3 Wishes is a one-deck, five minute game in the vein of Love Letter, the surprise 2014 hit from designer Seiji Kanai that has spawned a slew of similar games as well as spinoffs tying the base game to Archer, The Hobbit, and Batman. Where Love Letter involved bluffing, however, 3 Wishes has a more direct line into sticking it to your opponents, and allows players to end the game when they choose, creating some urgency to stop your opponent from doing so if you think s/he has the cards to win.
3 Wishes’ total deck includes 19 cards for a full five-player game, removing three specific cards if you have four players and six specific cards if you have three. After shuffling the remaining deck, you remove one card, play two face-down on the table, and then deal three also face-down to each player, who may then look at just one of his/her cards before the game begins. On a turn, each player may take just two of the following actions: Peek at any card on the table, his own or someone else’s or the two in the center; switch any two cards on the table; or shuffle her own cards and peek at one before placing all three face-down again.
The game’s theme is that players have found a genie and one must come up with the best combination of three wishes to impress him and garner his favor. It’s a little pasted-on as themes go, but in a game where you barely look at your cards at all any sort of theme is going to feel superfluous. Sixteen of the game’s 19 cards are blue, pink, and yellow wish cards, each with a point value from 1 to 4. To win the game you must have one card of each color in the three in front of you; if more than one player’s hand meets that condition, the player with the most total points is the winner. Two cards in the deck lack point values but instead double the other cards in your hand; if you get both of those doubling cards plus a third card that’s blue, thus giving you one card of each color, you win automatically regardless of your score. The final card, Time Travel, makes the genie angry that you even asked, and if you end the game with it in your hand, you lose.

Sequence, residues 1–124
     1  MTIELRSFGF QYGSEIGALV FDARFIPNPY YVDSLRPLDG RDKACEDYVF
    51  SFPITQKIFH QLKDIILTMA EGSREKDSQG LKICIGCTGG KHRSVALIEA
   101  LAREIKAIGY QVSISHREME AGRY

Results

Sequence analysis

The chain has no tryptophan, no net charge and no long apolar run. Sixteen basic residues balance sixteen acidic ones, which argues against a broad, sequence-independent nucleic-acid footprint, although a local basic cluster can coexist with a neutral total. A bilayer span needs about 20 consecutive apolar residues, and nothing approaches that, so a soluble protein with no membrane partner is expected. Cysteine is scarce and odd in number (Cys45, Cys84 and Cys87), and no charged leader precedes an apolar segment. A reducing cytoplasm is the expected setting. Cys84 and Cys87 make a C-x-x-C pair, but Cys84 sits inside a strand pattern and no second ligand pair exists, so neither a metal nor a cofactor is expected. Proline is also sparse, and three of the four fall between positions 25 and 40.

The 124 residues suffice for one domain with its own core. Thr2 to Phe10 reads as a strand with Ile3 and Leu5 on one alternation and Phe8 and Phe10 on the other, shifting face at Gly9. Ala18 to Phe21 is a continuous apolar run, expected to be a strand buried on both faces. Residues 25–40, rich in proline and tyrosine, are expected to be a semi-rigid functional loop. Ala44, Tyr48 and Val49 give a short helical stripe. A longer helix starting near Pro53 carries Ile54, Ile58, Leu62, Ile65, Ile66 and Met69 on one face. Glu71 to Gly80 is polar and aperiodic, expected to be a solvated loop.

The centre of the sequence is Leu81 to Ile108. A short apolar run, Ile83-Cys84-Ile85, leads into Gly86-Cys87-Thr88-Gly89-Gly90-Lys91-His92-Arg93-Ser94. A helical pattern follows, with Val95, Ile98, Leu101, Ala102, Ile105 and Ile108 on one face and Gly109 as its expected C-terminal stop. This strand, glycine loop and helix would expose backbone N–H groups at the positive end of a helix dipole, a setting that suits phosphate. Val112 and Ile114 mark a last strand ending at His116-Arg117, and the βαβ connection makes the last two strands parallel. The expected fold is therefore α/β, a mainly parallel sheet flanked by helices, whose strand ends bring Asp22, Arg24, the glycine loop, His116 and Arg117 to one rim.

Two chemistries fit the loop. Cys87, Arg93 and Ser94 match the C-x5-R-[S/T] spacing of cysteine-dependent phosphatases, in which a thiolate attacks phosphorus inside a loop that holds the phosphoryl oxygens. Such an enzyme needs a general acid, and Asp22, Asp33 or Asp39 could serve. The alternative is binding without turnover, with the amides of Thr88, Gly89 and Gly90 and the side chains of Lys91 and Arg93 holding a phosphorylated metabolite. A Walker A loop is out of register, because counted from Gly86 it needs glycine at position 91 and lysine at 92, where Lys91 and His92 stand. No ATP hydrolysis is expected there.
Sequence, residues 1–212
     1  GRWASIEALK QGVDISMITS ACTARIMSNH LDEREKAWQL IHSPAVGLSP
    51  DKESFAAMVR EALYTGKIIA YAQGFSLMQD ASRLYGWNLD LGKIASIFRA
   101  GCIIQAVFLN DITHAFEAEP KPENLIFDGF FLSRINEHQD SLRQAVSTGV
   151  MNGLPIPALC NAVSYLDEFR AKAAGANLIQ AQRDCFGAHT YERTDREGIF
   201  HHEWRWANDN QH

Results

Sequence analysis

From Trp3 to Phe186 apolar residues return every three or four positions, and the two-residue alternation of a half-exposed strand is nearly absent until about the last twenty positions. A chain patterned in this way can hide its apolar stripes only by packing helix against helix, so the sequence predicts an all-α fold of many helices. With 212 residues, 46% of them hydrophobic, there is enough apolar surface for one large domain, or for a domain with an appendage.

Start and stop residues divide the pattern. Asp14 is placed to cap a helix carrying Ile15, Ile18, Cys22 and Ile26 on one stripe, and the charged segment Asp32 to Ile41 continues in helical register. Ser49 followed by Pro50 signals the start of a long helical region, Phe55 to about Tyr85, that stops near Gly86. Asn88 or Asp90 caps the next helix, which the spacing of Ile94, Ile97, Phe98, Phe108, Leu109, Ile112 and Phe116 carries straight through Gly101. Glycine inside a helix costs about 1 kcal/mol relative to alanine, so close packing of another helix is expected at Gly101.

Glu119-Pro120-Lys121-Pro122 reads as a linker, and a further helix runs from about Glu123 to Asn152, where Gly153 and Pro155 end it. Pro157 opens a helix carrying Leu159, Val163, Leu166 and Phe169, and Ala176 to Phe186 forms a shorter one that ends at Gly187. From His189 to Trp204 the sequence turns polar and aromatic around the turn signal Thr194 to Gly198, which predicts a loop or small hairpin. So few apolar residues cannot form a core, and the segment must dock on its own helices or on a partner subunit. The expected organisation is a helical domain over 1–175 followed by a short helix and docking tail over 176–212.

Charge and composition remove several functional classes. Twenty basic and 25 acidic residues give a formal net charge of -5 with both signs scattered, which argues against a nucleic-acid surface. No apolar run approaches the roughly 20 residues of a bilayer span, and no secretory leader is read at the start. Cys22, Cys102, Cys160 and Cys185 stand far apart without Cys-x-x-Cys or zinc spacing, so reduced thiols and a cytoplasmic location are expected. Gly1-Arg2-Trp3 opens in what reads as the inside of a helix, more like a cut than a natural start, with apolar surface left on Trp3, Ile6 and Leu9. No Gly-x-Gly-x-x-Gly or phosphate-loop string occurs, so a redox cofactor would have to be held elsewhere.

After every player has taken at least three turns, any player may choose to use his/her entire turn to declare the game over, after which all players reveal their cards and tally their scores. That means that you have until then to, at the very least, figure out what cards you have and try to get an idea of what your opponents have. With the optimal first move—at least, as far as I could tell—using your two actions to look at your other two cards, so at least you know what your starting three are, that means you’ve got two turns to either set yourself up to win or try to stick it to some of your opponents to stop them from doing so before you.
The games do indeed play out in three to five minutes, since there are few decisions to make and turns take so little time. Once Time Travel enters play, it’s going to keep going back and forth unless someone switches it to the center. The doubling cards become coveted and often drive someone to choose the shuffle action. Most other moves involve switching out cards to get the color(s) you need, or, if you’ve already got your three colors lined up, trying to improve your points. I thought from reading the rules that there’d be some benefit to switching opponents’ cards to screw them both up, but it was never the optimal decision given how little I knew about the cards they were holding.
That’s the main difference between this game and similar social tiny-deck games like Love Letter or Coup. The deck is actually a little too big for deduction to play a role; you can certainly calculate some odds as you peek at more cards, but between the cards that you don’t see or that are omitted from the game and frequent card movement, the gains from doing the math are quite small. That opens the game up more to younger players, though, and my ten-year-old grasped it right away and asked to play it again and again. I’d rate it a bit below the two similar games I mentioned above, but if you like either of those, 3 Wishes is a nice change of pace for under $10.
Keith Law is a senior baseball writer for ESPN.com and an analyst on ESPN’s Baseball Tonight. You can read his baseball content at search.espn.go.com/keith-law and his personal blog the dish, covering games, literature, and more, at meadowparty.com/blog.